David Mamet has revealed in an interview in the Chicago Tribune that he has written a play about Harvey Weinstein. “I was talking with my Broadway producer and he said, ‘Why don’t you write a play about Harvey Weinstein?’ And so I did.” Currently titled “Bitter Wheat,” its future is uncertain.
What is certain is that Leslye Headland, a woman who once worked as an assistant for Harvey Weinstein, wrote a play called “Assistance” in 2008, quite clearly based on her experiences. Below is my review of “Assistance” when it was produced at Playwrights Horizons in February, 2012:
The finale of “Assistance” is an abused employee’s revenge fantasy: A woman curses out her boss, and then dances defiantly as the office around her self-destructs in spectacular fashion: The papers whoosh out of the photocopy machine and thicken the air like a reverse avalanche; desks topple over, the air ductsbreak open, the sprinkler ignites, drenching her gloriously. It is a modern Deus Ex Machina for which scenic designer David Korins deserves more than a standing ovation – a dance in his honor, perhaps? Those final five minutes could not be more perfect. The first 80 minutes of “Assistance” could be. What is missing even in the finale – but especially in the rest of playwright Leslye Headland’s vengeful snipe at all overbearing bosses – is the boss. “Assistance” is “The Devil Wears Prada” without the Meryl Streep character, “9 to 5” without Dabney Coleman, almost “Star Wars” without Darth Vader. Oh yes, the assistants surely have a boss and he turns the office every day into the last 30 minutes of the movie “Goodfellas,” as Nick (Michael Esper) explains to new assistant Nora (Virginia Kull): “Every day is the day you’re coked out of your mind and you’ve got a million things to do and everything that could go wrong does go wrong. And the narcs are shadowing you in a helicopter…but man, what a rush.”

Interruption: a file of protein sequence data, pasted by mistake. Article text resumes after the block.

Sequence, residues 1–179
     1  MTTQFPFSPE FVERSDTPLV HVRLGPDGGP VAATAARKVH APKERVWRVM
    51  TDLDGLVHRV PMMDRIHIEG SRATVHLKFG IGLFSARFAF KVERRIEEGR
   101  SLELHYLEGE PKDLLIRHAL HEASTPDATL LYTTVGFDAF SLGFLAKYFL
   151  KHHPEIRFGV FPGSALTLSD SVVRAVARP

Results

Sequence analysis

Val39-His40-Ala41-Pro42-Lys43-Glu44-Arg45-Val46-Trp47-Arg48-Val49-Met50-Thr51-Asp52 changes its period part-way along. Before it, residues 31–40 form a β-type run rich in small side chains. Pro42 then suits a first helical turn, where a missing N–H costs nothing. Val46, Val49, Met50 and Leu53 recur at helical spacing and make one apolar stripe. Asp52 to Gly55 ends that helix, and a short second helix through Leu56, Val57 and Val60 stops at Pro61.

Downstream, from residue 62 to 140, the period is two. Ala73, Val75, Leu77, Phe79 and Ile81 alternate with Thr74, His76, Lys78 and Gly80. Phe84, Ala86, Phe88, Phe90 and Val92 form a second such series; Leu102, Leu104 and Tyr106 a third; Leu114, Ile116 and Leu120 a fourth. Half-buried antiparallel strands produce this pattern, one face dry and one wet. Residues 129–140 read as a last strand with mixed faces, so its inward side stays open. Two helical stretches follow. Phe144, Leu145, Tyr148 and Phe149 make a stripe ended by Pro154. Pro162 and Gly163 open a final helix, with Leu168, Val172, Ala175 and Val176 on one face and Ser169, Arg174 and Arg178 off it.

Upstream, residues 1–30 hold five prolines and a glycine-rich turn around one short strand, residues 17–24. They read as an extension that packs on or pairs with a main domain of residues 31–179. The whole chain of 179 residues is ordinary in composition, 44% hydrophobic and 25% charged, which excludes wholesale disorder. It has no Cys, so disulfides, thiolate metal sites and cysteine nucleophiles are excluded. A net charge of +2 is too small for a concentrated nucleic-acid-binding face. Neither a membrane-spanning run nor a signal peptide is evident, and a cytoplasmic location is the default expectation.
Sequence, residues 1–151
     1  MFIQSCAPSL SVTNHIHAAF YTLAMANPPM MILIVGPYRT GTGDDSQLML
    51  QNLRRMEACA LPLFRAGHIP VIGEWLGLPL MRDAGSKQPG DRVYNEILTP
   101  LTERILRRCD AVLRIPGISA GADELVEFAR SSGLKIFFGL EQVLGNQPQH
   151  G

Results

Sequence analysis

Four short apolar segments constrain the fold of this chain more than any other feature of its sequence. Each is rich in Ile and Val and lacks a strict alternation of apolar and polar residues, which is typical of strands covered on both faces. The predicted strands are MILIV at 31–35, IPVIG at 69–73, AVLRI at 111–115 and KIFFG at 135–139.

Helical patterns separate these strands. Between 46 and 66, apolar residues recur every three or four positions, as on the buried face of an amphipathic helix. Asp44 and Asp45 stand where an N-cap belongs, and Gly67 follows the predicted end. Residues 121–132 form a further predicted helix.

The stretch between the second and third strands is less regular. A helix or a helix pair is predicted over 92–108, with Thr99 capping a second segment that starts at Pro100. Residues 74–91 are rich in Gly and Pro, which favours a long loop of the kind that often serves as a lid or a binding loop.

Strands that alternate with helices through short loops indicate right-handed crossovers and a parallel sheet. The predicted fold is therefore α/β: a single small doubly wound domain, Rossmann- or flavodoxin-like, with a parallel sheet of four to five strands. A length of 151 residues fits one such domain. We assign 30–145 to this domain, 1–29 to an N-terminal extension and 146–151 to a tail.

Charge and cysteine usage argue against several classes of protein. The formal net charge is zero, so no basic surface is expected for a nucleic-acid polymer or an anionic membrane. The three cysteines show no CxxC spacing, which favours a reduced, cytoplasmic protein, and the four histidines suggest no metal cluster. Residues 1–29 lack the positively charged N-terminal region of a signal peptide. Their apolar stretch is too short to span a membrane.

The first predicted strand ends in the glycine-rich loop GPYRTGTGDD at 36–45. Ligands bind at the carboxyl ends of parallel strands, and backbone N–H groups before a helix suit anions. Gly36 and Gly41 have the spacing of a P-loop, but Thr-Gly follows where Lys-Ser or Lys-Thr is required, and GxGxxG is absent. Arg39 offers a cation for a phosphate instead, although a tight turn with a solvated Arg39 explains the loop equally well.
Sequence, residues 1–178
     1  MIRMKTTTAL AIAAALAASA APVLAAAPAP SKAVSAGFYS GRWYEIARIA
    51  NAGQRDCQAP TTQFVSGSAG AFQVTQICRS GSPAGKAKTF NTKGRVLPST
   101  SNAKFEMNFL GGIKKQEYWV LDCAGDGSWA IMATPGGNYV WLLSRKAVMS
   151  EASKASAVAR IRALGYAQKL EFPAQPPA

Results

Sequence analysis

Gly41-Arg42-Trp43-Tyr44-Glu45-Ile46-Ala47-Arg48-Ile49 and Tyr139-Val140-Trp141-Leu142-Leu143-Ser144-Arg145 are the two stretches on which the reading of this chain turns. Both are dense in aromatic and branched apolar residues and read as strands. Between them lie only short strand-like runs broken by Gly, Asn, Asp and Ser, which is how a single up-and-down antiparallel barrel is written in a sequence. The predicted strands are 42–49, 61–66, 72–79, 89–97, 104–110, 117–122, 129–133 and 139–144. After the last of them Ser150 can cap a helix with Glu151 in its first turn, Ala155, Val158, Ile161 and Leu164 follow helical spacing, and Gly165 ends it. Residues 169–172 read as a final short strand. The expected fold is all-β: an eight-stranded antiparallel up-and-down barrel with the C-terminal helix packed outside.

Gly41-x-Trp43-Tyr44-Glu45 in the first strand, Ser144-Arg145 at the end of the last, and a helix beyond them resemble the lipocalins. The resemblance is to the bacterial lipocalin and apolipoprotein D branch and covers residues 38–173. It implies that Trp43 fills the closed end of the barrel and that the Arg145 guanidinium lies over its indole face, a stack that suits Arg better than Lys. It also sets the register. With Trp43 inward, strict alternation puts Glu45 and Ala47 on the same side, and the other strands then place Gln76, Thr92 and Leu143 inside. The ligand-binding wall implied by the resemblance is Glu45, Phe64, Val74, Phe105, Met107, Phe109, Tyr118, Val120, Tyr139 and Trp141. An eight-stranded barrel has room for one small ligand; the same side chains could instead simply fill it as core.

Boss Daniel Weisinger insults his employees, corrects their grammar, wears them down with petty humiliations, fires them frequently. But we neither see nor hear Daniel. We hear of him, the young assistants all arranging their lives around his needs and whims, and we hear his assistants talking to him over the telephone (usually they are apologizing for some real or imagined infraction.) But we never see him; we are not even told what business he is in, although we can guess. Omitting a corporeal big macher is at least in the abstract a defensible choice. It’s easier to let the audience imagine a monstrous boss than to depict one. It also helps to have a stellar six-member cast, including Bobby Steggert as the most junior of the assistant, who is apologetic about the boss’s driver running over his foot. Esper, first-rate in both “American Idiot” and “The Lyons,” plays the biggest loser and the longest-lasting of Daniel’s assistants. But following a rather random year of rotating assistants turning hysterical (not in a good way) offers too realistic a taste of the tedium and chaos of life in a tyrannized workplace, despite some lines that are hysterical (in a good way.) It needs be said that Leslye Headland, who also wrote the play “Bachelorette” and describes herself as a screenwriter and TV scriptwriter (“Terriers” on FX), has talked of her experiences as an assistant to film entrepreneur Harvey Weinstein, who has a notorious reputation. If he really goes through assistants the way Daniel Weisinger does, then there will be an eager audience of them to fill the theater for “Assistance.”